Tuesday, September 26, 2006

Profile of Sarah Brown

The Telegraph has an interesting, positive profile of Sarah Brown, Gordon Brown's wife:

As Mr Brown put it recently: "My wife is from Middle England so I can relate to it."
Mrs Brown, the daughter of a publisher and a teacher who grew up in north London, couldn't be more different from the Liverpudlian actor's daughter, Cherie Blair.

...............Although at 41, Mrs Brown is 10 years younger than Mrs Blair, she is in many ways more traditional. When she got married, she changed her name from Macaulay to Brown and she has given up her career for her husband — dividing her time between charity work and her two sons John and Fraser. "She is more like a Tory wife. She is phenomenally loyal and very professional about her role," says Robert Peston, the author of Brown's Britain.

She will never push her own political views. The MP Geoffrey Robinson says: "She's never jealous of those around him and she's not competitive. She enjoys his ambition rather than feeling threatened by it."

........................For a former public relations executive, Mrs Brown is extraordinarily averse to publicity. She has never been interviewed and does not gossip with journalists at parties, preferring to work behind the scenes. She courts key contacts. She has made friends with Rebekah Wade, the editor of the Sun, and makes sure to keep good relations with Paul Dacre, the editor of the Daily Mail.

.....................Those who know the couple well say that Mrs Brown has "civilised" the Chancellor — she has got rid of the fold-up camping chairs in their constituency home and installed a new kitchen. "There are no longer plates in the sink," says Charlie Whelan, the Chancellor's former spin doctor.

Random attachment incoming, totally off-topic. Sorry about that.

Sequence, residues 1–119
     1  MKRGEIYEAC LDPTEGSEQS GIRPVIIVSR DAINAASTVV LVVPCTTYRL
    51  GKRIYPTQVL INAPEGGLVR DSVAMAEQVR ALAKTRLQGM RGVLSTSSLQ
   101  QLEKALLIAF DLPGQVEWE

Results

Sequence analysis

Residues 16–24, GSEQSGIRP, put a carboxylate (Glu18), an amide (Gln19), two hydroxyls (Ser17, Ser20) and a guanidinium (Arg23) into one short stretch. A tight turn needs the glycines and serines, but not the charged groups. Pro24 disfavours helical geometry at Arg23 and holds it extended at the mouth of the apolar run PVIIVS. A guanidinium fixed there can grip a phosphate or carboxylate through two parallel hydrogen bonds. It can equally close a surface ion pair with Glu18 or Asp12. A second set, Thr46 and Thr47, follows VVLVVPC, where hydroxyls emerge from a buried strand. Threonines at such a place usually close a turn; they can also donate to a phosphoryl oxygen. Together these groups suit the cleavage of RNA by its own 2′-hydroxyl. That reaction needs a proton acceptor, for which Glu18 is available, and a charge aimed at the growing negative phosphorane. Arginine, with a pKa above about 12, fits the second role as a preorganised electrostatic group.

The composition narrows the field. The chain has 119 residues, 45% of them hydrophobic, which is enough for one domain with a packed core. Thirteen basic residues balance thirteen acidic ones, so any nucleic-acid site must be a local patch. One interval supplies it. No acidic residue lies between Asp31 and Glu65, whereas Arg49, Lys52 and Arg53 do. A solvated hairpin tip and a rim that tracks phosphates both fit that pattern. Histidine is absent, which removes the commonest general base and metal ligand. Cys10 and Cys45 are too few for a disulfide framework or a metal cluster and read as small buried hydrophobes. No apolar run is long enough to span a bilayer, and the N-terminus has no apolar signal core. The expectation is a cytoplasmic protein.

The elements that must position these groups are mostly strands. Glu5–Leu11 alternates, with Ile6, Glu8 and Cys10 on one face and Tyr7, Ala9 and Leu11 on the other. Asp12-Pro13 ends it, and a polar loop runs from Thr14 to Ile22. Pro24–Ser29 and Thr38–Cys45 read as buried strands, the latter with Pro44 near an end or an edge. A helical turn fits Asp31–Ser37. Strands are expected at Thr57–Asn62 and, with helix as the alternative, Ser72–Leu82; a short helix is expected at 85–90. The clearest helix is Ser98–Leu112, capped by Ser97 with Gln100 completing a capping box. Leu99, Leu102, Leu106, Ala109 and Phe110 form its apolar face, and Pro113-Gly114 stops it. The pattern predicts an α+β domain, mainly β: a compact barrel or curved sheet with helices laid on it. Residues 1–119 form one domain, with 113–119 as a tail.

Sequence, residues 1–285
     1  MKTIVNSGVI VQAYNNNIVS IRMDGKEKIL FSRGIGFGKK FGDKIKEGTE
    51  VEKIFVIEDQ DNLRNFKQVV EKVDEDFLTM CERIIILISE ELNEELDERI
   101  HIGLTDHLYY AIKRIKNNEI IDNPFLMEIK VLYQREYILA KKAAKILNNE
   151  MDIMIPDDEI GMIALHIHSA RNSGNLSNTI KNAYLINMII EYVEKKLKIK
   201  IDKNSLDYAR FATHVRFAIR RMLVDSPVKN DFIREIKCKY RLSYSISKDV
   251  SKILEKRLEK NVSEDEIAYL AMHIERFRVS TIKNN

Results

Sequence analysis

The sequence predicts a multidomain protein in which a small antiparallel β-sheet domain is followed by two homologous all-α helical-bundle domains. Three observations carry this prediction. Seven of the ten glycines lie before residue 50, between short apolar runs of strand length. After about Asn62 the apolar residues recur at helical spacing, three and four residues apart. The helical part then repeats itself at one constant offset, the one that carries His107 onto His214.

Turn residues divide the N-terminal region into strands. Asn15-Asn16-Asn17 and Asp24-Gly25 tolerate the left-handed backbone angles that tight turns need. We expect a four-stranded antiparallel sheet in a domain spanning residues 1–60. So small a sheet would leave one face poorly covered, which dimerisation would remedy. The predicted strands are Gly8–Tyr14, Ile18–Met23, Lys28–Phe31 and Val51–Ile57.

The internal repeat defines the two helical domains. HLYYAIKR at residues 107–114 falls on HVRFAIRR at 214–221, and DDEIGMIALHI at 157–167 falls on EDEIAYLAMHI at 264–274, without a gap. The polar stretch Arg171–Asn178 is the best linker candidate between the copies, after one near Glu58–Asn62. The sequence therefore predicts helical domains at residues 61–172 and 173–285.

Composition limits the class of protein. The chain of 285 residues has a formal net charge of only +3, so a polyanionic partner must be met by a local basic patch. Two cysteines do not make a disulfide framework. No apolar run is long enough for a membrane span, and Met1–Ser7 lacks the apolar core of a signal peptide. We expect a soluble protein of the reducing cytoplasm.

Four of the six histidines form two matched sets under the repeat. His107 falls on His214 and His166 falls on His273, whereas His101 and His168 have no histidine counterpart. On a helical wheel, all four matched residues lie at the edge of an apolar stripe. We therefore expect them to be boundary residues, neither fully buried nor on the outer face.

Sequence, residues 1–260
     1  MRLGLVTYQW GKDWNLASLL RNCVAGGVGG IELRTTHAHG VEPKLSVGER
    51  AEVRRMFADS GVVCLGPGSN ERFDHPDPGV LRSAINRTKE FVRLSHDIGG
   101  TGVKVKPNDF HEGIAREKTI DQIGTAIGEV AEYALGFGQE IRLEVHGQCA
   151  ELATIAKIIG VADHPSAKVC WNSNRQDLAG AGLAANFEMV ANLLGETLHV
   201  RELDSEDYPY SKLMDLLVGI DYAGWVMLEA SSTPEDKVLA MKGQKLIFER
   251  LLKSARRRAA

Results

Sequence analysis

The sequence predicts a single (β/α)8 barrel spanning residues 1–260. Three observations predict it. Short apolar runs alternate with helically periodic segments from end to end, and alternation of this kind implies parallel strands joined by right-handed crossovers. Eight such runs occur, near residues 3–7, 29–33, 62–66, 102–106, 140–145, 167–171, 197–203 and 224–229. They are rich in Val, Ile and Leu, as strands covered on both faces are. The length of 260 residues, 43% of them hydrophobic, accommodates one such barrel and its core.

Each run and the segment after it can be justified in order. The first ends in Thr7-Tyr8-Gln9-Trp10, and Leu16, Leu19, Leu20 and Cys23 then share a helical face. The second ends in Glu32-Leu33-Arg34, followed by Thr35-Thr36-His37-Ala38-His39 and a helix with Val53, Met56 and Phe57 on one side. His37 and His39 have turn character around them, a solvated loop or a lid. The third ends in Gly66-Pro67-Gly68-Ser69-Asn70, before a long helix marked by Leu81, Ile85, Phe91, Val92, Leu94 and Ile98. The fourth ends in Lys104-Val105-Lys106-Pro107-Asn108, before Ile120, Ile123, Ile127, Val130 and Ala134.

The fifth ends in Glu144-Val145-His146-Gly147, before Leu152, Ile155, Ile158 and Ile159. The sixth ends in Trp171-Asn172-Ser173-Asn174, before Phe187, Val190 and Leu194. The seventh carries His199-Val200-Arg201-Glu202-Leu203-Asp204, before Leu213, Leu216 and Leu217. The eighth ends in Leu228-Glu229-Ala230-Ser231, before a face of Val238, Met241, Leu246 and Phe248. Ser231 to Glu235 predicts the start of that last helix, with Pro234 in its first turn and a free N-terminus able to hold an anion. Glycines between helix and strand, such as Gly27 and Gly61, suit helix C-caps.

The writers Ian Rankin, Alexander McCall Smith and JK Rowling are friends. But the Browns are still informal. "Neither of them is a great cook. It tends to be M & S. John's toys are scattered over the floor," says one writer.

....................She has also become a mother figure to the Labour Party. When Robin Cook had his heart attack, it was Mrs Brown who went to comfort Gaynor Cook.

Mr Blunkett came to rely on her while he was fighting for access to see his son, William. "Gordon is incredibly lucky," he says. "She is a huge strength and guide, she provides real stability in this hectic and chaotic environment. She can seem quite cold until you get to know her, but she has been amazingly kind to me."

Her only fault is her aloofness. "She can be intimidating," says a mother who shares a baby her age. "You find yourself babbling, she's so self-controlled."

One of her closest friends says: "She is very aware she will end up in the history books, and she doesn't want to have her head chopped off for getting it all wrong."

Interestingly, the Daily Mail gave Brown's speech positive coverage, with the editorial headlined "Brown offers Britain a Moral Compass", and which went on to say: There is a decency and integrity about Mr Brown that the Mail admires. If he can bring these qualities to government, that can only be a huge improvement on the Blair era of spin, sleaze and cronyism.

It's no secret that The Mail is worried by David Cameron's cocaine/parties/shopping values, and is casting around for alternatives. Perhaps the Browns' traditional Labour values of community and hearth are what they are looking for.


Andrea said...

She looks good from that profile (and others read before).
She looks less potentially OTT than Cherie Blair (which is sometimes a bit gaffe prone)

Crossland said...

Fascinating !
Good to read at the moment as I'm wobbling about GB

crossland said...

Thinking further,
what strikes me at the moment is the 'media' movement against Brown particularly in the Guardian and elements of the broadcast media.
This largely revolves around the 'non labour will not like him' argument.
What you highlight is that in actual fact while a supposedly Pro -labour group of journalists are going cold on him this is not the case in key elements in the neutral or anti labour media .

Under the 'Martin Kettle' radar He may be making headway in crucial 'non labour' media outlets.

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